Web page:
Bank Overseer PwC Faces Penalty and Sidelining of Regulatory Consulting Unit
By BEN PROTESS and JESSICA SILVER-GREENBERG
August 17, 2014 9:00 pm
The settlement involves the firm’s work for the Japanese banking giant, which regulators long suspected of routing money through its New York branches on behalf of nations blacklisted by the United States. The bank voluntarily hired PricewaterhouseCoopers in 2007 to quantify its improper transactions with Iran and other sanctioned countries.In the firm’s initial draft of a report about the transactions, a copy of which was reviewed by The New York Times, PricewaterhouseCoopers acknowledged certain limitations of its examination and highlighted in great detail how the bank had stripped out the names of Iranian clients to avoid detection. But when it was time for Bank of Tokyo-Mitsubishi to file the report with regulators two weeks later, PricewaterhouseCoopers bowed to pressure from bank lawyers and executives, deleting some of the harshest characterizations and diluting others, according to the documents and interviews.The industry, which includes PricewaterhouseCoopers and another giant accounting firm, Deloitte, as well as Washington power brokers like Promontory Financial Group, has long defended the quality and independence of its work. Yet conflicts are inherent to its business model: Consultants are handpicked and paid by the same banks they are supposed to examine.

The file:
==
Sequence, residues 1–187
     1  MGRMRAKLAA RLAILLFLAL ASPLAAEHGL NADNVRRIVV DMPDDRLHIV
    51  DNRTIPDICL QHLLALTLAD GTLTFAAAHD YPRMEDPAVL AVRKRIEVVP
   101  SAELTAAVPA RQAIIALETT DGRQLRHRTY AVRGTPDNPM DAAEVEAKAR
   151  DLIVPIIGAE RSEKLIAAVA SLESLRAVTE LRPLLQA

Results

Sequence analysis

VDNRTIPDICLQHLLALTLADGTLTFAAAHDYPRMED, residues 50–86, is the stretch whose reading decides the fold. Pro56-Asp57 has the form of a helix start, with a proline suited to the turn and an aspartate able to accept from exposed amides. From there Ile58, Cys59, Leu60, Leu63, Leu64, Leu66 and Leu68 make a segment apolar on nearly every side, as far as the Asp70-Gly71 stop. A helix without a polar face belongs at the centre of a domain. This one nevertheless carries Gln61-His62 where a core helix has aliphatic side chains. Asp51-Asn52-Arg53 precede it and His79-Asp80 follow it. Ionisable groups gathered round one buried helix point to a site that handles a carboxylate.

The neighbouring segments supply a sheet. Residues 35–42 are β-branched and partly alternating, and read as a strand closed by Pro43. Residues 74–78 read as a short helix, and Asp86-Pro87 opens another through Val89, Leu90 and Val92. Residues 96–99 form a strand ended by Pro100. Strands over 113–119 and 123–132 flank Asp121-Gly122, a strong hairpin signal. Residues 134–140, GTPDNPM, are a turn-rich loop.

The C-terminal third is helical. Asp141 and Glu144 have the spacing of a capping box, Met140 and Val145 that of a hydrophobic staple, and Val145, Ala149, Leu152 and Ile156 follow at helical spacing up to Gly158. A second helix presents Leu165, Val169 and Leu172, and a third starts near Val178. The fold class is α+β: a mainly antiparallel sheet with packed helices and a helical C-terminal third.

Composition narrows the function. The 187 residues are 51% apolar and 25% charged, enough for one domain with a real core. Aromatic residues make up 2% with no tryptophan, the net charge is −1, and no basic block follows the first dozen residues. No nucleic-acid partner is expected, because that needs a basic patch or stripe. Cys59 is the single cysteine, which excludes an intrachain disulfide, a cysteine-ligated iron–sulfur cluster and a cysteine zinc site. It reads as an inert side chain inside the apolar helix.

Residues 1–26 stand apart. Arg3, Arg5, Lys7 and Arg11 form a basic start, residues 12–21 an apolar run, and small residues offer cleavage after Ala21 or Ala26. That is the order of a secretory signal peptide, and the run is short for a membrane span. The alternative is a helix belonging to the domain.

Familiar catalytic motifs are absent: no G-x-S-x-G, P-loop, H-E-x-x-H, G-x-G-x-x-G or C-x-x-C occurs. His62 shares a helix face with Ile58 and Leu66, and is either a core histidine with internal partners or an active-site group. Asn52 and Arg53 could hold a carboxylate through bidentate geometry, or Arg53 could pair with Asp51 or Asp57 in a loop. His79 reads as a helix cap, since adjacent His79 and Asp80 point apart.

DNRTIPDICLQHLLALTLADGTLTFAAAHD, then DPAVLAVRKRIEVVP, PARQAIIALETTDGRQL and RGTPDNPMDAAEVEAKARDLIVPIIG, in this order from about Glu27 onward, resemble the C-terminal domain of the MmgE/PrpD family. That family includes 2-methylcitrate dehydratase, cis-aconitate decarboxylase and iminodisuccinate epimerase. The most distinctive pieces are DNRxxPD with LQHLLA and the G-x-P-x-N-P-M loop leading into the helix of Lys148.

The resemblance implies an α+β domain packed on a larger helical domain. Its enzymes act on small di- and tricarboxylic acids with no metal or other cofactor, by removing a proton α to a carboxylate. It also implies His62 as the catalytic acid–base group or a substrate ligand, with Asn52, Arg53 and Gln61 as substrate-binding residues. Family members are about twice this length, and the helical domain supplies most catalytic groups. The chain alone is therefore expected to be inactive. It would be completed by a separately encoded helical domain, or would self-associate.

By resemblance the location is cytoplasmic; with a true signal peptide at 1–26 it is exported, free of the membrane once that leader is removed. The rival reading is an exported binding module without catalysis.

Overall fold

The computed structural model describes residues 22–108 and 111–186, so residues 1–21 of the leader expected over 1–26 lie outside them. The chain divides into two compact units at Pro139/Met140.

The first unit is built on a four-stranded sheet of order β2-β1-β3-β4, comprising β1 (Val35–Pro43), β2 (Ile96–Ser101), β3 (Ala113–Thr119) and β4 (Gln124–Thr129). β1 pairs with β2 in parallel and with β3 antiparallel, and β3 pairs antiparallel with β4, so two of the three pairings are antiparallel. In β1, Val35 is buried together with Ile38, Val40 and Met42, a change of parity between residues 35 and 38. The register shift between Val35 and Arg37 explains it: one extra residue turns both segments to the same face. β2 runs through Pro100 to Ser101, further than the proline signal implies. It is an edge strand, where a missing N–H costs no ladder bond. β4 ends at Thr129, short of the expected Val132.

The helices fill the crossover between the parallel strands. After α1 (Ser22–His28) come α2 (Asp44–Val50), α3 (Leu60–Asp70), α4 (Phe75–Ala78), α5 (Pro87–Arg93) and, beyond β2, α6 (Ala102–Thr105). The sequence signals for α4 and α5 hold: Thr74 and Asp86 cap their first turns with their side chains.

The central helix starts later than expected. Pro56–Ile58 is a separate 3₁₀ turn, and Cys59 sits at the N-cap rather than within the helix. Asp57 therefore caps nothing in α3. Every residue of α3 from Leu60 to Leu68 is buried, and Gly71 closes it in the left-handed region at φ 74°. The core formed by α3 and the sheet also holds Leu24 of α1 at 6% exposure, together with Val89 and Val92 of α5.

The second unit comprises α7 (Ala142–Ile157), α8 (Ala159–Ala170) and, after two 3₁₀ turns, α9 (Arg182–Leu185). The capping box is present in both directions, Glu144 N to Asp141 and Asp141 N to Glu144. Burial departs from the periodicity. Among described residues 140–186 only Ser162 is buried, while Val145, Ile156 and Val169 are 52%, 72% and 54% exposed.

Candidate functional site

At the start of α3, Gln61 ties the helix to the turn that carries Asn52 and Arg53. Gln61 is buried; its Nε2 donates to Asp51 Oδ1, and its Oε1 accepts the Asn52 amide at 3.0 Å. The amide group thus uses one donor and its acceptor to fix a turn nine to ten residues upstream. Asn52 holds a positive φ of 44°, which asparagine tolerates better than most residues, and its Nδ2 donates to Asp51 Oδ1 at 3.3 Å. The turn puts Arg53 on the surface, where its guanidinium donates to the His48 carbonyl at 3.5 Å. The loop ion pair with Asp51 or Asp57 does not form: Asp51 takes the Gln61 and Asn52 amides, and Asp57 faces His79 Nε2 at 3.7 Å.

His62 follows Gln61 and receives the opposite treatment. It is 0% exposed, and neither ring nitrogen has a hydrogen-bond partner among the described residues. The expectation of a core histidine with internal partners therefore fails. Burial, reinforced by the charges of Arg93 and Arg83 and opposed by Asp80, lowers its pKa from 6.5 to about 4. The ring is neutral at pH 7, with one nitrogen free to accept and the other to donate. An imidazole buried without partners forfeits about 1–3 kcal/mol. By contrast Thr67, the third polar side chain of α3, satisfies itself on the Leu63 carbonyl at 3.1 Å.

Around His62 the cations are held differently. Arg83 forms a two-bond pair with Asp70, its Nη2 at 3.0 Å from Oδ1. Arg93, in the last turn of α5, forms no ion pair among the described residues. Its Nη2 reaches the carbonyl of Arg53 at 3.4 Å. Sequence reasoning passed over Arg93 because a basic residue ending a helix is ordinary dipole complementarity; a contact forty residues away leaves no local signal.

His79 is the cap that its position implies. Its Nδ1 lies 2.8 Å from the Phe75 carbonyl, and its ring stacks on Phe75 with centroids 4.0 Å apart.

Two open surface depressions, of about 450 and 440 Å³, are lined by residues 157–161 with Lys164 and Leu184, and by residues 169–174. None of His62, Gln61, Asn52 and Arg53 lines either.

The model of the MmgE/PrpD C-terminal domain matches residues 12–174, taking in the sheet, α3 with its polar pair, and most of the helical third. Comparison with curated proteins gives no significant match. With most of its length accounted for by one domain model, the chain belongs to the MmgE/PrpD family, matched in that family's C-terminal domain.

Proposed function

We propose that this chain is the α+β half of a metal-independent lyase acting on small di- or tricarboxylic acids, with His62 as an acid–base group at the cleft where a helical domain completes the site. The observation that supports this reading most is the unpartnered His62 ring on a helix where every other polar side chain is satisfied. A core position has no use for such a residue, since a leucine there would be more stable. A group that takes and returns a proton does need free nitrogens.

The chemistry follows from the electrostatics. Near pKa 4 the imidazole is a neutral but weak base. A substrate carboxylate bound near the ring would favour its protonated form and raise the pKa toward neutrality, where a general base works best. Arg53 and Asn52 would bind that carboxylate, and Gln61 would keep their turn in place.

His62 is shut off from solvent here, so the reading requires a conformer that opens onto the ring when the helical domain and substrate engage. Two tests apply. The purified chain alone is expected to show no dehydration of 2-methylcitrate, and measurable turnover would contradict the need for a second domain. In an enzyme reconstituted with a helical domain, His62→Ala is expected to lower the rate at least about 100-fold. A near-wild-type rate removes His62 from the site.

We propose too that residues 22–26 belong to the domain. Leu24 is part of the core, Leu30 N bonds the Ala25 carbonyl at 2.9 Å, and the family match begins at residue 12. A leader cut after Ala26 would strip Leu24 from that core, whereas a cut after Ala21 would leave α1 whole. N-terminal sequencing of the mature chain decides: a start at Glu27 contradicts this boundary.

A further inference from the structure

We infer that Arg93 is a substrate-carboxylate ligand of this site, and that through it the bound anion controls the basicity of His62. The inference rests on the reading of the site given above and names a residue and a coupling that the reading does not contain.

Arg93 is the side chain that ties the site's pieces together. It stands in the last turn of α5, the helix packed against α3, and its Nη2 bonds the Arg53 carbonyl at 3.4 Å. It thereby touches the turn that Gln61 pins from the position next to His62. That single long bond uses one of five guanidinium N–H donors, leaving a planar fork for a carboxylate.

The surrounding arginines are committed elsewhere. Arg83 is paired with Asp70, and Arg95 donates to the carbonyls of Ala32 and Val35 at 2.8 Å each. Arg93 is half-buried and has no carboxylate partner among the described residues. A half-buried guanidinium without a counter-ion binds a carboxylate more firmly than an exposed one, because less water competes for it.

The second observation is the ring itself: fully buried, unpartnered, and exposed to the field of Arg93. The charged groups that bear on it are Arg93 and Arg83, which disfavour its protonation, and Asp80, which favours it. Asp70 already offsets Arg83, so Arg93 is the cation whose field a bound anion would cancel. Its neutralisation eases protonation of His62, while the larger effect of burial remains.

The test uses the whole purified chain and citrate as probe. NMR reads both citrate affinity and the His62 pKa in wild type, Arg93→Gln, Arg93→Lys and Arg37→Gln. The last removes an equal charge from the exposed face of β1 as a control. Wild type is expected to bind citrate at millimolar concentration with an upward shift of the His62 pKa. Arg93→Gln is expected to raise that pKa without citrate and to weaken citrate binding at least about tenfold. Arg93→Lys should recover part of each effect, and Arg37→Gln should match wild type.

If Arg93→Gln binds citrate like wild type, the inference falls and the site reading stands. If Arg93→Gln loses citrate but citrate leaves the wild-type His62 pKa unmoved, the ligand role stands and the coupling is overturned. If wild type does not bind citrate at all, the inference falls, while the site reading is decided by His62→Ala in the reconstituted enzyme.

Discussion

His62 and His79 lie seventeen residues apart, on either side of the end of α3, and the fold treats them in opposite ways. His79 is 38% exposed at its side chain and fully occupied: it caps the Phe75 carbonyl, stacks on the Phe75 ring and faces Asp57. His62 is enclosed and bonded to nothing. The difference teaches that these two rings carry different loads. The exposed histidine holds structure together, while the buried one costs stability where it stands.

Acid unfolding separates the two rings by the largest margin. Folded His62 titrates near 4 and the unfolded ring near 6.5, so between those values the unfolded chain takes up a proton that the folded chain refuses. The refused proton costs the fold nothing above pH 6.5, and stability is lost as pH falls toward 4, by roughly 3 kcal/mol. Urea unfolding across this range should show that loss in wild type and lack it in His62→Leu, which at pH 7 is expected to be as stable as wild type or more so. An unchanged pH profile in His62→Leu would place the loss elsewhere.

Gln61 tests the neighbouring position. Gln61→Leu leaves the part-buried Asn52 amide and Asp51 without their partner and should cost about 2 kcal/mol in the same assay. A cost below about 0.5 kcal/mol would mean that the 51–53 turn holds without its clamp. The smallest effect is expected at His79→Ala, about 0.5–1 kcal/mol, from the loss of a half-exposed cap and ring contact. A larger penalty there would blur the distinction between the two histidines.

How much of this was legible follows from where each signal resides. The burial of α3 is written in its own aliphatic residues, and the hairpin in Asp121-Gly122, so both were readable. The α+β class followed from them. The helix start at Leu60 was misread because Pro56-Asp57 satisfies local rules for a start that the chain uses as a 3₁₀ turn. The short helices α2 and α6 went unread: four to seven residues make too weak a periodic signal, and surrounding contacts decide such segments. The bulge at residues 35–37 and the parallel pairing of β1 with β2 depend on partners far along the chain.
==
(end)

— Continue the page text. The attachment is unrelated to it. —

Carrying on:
Monday, August 18, 2014
So it's not just investment bankers, it's also the people in other areas who make their fraud possible, such as the investment ratings agencies and industry consulting firms. Here's one example of the latter:
Posted by Steve J. at 1:29 AM